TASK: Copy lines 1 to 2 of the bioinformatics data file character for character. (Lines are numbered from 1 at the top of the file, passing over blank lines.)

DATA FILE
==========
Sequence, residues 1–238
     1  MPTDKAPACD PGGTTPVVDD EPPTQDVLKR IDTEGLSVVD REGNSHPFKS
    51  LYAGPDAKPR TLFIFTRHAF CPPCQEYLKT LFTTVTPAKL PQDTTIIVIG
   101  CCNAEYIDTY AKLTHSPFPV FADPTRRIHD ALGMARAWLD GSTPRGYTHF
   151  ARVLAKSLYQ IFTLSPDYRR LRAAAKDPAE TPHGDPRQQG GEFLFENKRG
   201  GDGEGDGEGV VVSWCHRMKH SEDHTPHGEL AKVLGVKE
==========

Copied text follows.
Sequence, residues 1–238
     1  MPTDKAPACD PGGTTPVVDD EPPTQDVLKR IDTEGLSVVD REGNSHPFKS